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injured casualty

  • Moving an Injured Casualty?

    What happens when you need to move a casualty / injured person away from danger? You must take great care not to cause further injury...

    • Avoid moving an injured casualty if possible. If there is immediate danger or the possibility of further injury (such as on-coming vehicles, explosion, fire, chemical leak, etc.) if not moved, then move the casualty as safely as possible.
    • Attend and control severe bleeding, maintain an open airway, and splint all fractures before moving the casualty.
    • Use the following steps to move the casualty safely:


    Pull a casualty to safety:

    • Kneeling behind the casualty’s head, tightly grab her/his shirt or coat collar so the casualty’s head is lying on your forearms.
      Image of responder preparing to move injured casualty
    • Keep the casualty’s head as close to the ground as possible.
    • Keep the casualty’s body in a straight line – do not allow it to bend or twist.


    Lift the casualty to safety:

    • If the casualty must be moved for safety reasons before you can check for injuries, lift him/her and keep her/his body in a straight line – support every part of the body and do not allow it to bend or twist.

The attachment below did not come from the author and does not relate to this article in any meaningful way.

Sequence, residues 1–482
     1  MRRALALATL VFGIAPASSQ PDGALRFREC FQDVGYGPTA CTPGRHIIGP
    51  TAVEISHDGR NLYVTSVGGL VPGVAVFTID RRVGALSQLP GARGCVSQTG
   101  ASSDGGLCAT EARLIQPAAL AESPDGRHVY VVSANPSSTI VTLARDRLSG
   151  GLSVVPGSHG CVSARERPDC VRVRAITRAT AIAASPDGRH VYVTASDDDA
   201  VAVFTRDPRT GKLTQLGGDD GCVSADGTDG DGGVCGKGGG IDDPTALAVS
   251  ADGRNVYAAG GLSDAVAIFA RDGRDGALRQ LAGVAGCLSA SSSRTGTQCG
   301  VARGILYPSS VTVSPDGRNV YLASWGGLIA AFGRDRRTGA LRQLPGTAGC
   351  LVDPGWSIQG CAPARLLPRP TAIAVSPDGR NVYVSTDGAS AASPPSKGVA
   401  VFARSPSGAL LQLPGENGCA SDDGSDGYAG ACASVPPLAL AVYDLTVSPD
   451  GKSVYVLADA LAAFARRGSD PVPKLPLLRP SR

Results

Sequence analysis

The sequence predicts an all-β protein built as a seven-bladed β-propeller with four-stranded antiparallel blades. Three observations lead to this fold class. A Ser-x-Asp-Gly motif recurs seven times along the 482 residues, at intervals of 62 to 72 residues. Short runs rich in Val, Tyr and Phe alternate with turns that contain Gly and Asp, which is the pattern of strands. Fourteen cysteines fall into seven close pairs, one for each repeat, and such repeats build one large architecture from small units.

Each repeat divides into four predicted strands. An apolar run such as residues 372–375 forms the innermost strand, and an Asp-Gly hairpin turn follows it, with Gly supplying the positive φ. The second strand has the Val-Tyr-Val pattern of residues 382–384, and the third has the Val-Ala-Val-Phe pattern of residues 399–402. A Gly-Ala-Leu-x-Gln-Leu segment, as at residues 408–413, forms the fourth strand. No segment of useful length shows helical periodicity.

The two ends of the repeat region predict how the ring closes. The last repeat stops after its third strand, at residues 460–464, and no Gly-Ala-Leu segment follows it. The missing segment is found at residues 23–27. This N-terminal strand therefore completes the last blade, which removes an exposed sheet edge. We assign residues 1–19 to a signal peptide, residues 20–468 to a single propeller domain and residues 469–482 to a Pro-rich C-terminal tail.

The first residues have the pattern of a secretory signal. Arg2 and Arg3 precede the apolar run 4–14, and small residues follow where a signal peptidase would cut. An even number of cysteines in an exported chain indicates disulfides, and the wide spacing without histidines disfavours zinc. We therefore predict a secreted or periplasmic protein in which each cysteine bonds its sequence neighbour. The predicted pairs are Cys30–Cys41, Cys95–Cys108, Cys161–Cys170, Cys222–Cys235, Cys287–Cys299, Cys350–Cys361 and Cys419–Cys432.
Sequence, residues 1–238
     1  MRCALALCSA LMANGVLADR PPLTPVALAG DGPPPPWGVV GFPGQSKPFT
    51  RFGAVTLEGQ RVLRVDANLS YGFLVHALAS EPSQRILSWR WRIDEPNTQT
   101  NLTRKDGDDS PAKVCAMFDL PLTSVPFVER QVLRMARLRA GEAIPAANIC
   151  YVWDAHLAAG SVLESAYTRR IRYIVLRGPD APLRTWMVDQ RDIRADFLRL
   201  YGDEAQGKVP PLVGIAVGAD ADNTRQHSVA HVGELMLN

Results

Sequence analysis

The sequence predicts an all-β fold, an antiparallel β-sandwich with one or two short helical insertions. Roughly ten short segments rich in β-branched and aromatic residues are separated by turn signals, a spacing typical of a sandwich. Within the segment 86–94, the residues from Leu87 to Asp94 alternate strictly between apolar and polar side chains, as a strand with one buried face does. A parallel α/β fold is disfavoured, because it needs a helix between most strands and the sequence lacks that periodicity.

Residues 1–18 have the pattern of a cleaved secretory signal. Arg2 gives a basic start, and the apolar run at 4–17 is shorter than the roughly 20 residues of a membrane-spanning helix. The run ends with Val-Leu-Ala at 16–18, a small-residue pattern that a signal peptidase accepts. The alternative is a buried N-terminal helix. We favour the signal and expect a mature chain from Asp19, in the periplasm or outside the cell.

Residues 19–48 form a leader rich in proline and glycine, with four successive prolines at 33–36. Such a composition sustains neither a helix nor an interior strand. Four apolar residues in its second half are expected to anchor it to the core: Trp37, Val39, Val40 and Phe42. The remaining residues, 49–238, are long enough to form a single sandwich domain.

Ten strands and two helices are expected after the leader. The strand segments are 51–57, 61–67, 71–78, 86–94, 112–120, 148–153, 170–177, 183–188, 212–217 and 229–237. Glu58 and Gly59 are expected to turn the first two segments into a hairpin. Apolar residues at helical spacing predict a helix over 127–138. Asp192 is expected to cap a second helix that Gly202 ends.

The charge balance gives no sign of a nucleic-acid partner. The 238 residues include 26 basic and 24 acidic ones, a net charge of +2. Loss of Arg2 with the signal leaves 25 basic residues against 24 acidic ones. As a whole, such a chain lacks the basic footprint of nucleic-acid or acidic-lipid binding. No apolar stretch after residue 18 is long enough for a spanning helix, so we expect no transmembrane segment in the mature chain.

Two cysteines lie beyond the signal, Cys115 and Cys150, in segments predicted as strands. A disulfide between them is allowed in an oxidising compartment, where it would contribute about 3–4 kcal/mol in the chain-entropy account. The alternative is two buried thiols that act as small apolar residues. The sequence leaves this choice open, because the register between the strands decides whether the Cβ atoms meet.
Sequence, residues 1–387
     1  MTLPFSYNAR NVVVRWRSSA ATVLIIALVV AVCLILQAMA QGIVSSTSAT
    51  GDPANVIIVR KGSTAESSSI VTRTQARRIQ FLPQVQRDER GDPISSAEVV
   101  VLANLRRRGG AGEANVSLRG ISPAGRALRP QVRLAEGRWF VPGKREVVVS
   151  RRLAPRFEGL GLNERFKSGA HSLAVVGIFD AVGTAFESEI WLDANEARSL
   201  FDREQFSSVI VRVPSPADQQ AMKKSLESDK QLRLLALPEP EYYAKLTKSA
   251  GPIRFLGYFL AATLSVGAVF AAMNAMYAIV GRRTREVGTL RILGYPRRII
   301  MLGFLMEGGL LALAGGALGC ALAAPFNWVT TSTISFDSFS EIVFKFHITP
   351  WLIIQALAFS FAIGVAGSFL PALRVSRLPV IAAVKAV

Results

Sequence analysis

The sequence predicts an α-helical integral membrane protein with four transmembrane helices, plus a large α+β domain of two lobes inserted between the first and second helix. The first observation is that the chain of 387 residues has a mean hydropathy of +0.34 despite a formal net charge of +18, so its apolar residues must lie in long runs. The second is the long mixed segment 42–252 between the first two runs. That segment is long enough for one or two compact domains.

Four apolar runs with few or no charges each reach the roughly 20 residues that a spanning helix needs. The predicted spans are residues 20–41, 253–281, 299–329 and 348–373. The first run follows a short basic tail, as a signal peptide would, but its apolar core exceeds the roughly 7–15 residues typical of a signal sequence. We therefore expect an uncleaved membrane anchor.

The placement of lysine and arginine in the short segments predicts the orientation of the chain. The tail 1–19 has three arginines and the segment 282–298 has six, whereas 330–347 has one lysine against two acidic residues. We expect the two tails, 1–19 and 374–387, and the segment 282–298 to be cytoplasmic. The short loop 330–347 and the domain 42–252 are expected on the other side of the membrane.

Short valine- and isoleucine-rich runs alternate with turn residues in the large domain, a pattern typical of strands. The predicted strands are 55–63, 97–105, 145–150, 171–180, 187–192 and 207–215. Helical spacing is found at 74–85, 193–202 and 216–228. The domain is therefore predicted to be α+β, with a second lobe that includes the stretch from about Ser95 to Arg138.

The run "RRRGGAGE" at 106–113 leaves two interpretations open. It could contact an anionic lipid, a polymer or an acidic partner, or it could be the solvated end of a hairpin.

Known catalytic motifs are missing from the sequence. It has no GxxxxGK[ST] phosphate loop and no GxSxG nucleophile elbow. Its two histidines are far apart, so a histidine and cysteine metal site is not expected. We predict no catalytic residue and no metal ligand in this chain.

Carry a casualty to safety:

    • If the casualty must be moved, a stretcher or similar device is the best option for moving the casualty safely.
    • Use a wide, flat item such as a board, an ironing board, folded blankets, or a door as a stretcher and fasten the casualty onto it.
    • If the above items are not available or the person is too heavy or frail, a two-person carry method with a chair may be used.

    Content excerpted from the Urgent First Aid Guide used by permission Copyright 2013
    All Rights Reserved. Get a full copy of the First Aid Guide for under $1!

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